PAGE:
Where do we go from here? On quality-of-life issues pertaining to women and girls in Afghanistan, the world is now wondering.
The return to power of the Taliban, an event brimming with guns and religious pieties, has hurled the international community into an anguished handwringing, as we worry over the fate of all the ‘significant advances’ made in the country over the last two decades.
Were such ‘advances’ only a vast chimera? First, the sensible answer: there is no doubting that the region has recently seen an impressive array of humanitarian advancements. On this score, statistics are especially instructive. As a twenty-year education review by UNESCO has documented as recently as August, between 2001 and 2018 Afghanistan has seen tenfold increase in school enrolments, a 58 per cent increase in the teaching force, and strong gains for young girls in primary education, where they recently numbered 4 out of every 10 students. Two decades ago there were virtually none to be counted in public school classrooms. And over the last decade alone, the female literacy rate in the country has nearly doubled, with the figure currently hovering around 30 per cent of the entire female population.
Some of this progress owes a debt to a global consciousness-raising catalyzed, at least in part, by a succession of UN Conventions and related programs since the founding of UNICEF in the late 1940s. Other kinds of progress are attributable to socio-economic, political, and ideological shifts in world cultures that have transpired over the last 30 years. In the case of women and girls especially, we have seen progress recently even in some of the most conservative countries, as well as in the liberal democracies, particularly in regard to accessibility to social services and to primary, secondary, and higher education.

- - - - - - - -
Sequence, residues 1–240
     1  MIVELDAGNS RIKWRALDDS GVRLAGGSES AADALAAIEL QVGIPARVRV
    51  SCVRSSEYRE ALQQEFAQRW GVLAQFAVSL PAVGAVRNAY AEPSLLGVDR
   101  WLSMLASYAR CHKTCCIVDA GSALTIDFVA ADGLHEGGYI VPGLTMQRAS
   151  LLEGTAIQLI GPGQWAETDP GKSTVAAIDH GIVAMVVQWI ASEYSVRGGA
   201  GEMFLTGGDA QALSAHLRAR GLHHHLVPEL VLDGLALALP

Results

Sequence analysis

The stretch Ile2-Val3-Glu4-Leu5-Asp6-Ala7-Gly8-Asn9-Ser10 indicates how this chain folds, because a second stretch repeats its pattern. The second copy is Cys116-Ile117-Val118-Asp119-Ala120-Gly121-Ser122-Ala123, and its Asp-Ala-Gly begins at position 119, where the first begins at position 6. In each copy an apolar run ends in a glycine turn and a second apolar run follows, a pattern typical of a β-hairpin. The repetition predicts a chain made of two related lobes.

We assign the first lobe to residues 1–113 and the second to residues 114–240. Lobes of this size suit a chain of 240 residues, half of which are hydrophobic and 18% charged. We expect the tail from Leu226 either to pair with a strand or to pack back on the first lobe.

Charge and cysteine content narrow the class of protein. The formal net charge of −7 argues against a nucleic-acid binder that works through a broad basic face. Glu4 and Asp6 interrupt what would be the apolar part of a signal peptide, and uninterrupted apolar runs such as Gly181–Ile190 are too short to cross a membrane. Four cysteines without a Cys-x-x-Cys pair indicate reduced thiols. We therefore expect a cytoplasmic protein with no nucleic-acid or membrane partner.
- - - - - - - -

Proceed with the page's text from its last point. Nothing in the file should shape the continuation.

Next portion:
In a good number of places around the globe, however, we have reached a kind of bottleneck, not only in regard to girls’ access to education, but in regard to whether further opportunities will be made available to girls and women socially, economically, or even politically after they complete their schooling. We find ourselves currently stuck between being able to cite ideological advances, such as how some a countries have recently enshrined gender equality and girls’ rights in their national Constitutions, and the failure of those same countries to concretely deliver on that achievement so that it impacts the everyday life of its people. Take, for example, the question of how to deliver on the constitutional embracing of gender parity, a task that varies tremendously across the world today. It varies even within so-called ‘advanced democracies’ like the United States, where what girls experience in Massachusetts will be vastly different from what they experience in Mississippi or Florida! So for many girls even today, geography is destiny: where you come from can make a significant difference in the amount or kind of equity you will possess.
In the case of Afghanistan, there is still a long way to go, and now with the Taliban regime in place, there’s a real danger of returning to a comparatively ‘pre-modern’ society. So the real question now is how to protect the constitutional obligation of gender parity that has already been agreed to by Afghan society, and by National Parliament. What is truly worrisome is that the Taliban is in a position now to revise all forward-looking legislations, if not the entire National Constitution.